Suboxone for Drug Withdrawal Symptoms

For a number of years, those individuals who were dealing with an opioid addiction, the only method of treatment was to visit a methadone clinic daily. While this method was proven effective, it had a downside: taking time out every day to visit the clinic; the stigma associated with visiting a clinic; a loss of privacy and close doctor/patient relationship in the treatment of the addiction.

Of course, without following these methods, the patient either needed to stay on the opioid, or deal with the symptoms of withdrawal, which could include rapid breathing, incessant yawning, crying, hyperactivity, sense of heightened alertness, agitation, an increased heart rate, fever, dilated pupils, gooseflesh, tremors, muscle twitching, hot and cold flashes, aching muscles, appetite loss, abdominal cramps and diarrhea.

When SUBOXONE was approved for use in the treatment of opioid addictions, many patients and doctors recognized the value that it would add to treatments. Studies not only identified that the drug was an effective first line treatment for opioid addiction; it was also proven to be an effective home-based treatment that could eliminate the daily clinic visits.

While every patient is different and reactions will vary according to a number of variables, the overwhelming majority of those sharing their experience with SUBOXONE have been positive. One patient in particular noted her excitement for leaving the methadone clinic behind while also relieving all cravings for opioids. Some side effects were noted in this case, but nothing that thwarted her enthusiasm for SUBOXONE.

Another patient testimony shared the improvement in the quality of life. She is more active than ever and feels more alive than on any other treatment. She truly believes that SUBOXONE gave her back a normal life. At the same time, another patient cited the horrors of her experience with the drug. In that particular instance, the patient felt she was erroneously put on the SUBOXONE to treat a pain condition. She had never had an addiction to opioids and the chemical reaction in her body to the SUBOXONE wreaked havoc on her system that landed her in the emergency room.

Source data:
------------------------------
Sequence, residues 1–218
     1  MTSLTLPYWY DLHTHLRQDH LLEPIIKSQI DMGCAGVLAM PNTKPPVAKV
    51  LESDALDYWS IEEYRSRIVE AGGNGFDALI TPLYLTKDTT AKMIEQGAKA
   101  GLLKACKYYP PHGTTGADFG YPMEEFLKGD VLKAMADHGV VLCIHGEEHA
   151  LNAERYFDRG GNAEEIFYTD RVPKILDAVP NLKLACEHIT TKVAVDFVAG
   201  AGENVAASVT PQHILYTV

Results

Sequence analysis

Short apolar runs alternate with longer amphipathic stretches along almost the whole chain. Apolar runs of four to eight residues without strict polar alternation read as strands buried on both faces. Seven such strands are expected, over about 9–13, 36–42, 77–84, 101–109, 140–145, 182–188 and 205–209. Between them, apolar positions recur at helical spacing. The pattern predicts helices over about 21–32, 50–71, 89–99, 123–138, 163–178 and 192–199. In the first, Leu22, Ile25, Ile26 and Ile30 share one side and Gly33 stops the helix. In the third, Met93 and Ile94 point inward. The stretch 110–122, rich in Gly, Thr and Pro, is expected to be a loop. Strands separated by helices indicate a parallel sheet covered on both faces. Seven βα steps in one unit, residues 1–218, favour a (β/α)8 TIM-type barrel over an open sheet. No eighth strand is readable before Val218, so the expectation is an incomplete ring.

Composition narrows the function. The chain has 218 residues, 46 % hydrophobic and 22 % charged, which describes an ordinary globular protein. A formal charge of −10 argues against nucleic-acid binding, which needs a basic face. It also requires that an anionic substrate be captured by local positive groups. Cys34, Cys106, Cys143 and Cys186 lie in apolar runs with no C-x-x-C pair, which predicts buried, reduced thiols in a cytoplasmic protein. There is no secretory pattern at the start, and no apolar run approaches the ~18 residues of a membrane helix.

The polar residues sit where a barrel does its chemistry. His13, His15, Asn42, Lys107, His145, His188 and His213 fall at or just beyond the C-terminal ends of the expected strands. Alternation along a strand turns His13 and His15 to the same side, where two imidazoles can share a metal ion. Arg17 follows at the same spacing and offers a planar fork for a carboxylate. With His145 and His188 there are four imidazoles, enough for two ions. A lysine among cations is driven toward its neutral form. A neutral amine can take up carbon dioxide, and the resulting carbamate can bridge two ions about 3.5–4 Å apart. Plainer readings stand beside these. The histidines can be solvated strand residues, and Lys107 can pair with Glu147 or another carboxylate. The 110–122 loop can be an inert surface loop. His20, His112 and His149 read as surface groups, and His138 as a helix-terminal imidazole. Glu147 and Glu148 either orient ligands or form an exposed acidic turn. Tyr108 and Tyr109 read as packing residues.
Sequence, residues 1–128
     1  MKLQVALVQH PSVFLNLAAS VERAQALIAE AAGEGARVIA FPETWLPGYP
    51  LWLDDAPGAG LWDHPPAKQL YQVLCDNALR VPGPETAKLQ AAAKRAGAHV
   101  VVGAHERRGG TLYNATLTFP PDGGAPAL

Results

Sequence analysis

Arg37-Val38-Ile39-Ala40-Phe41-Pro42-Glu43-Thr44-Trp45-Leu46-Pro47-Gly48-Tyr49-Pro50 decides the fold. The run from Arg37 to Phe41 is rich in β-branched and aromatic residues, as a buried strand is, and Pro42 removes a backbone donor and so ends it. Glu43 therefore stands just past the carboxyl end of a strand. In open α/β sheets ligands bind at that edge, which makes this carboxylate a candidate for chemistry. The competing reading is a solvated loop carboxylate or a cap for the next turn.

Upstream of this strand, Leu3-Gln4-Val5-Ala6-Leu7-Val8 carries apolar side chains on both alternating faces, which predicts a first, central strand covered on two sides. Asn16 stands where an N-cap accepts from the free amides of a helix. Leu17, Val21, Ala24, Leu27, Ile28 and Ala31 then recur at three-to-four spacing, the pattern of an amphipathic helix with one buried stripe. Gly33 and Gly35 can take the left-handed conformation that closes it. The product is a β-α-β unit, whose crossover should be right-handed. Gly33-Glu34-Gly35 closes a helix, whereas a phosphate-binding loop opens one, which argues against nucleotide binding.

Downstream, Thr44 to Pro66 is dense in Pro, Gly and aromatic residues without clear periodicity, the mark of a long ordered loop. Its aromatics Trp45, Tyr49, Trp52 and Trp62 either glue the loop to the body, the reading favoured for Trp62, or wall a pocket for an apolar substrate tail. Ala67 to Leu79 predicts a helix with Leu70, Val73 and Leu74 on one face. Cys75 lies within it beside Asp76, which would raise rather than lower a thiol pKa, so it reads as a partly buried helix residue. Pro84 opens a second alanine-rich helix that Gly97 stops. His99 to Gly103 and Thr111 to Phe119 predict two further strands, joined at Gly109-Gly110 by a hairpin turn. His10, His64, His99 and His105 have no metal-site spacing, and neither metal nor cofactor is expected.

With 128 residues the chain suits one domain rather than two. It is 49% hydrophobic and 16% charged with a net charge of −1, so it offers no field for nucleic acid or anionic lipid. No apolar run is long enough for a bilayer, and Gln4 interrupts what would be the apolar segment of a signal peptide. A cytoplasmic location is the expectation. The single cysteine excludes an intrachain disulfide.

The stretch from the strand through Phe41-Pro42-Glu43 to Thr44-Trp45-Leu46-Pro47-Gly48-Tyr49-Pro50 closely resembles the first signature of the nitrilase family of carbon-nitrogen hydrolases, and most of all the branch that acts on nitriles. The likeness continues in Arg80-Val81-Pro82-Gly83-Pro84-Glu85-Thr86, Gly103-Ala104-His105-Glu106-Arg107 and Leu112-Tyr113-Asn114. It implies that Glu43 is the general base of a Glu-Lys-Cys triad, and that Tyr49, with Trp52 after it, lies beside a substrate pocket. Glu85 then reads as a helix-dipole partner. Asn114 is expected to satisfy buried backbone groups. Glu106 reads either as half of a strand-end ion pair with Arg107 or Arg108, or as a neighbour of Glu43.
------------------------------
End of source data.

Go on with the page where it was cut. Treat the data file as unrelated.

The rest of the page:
SUBOXONE can be very effective for those dealing with an opioid addiction as it allows the patient to get slightly high, without allowing them to get “wasted”, presenting a ceiling effect. With a half life of around 35 hours, patients only need to dose once or twice a day, enabling them to break their behavioral habits that generally accompany addiction. The drug eliminates crashes or even feelings of “coming down” off the drug, allowing the patient to feel steady.

The use of buprenorphine – the active ingredient in SUBOXONE – has only been available for the past few years to treat patients with opioid addictions. Until this drug became available for patient prescription within their private doctor’s office, patients had to enter detox for the initial stages of withdrawing from the opioid. Daily visits to methadone clinics followed and didn’t always prove successful.

SUBOXONE allows these patients to have greater privacy and control over the treatment of their addiction, while also removing the severe withdrawal symptoms associated with coming clean from an opioid drug. Most importantly, it has allowed many patients to keep off of the opioid drugs for long periods of time or even for good. Severe withdrawal can be the main obstacle in recovery from opioid addictions. By removing the severity of the treatment, SUBOXONE has proven to be able to give patients a steady choice in treating withdrawal and enabling recovery.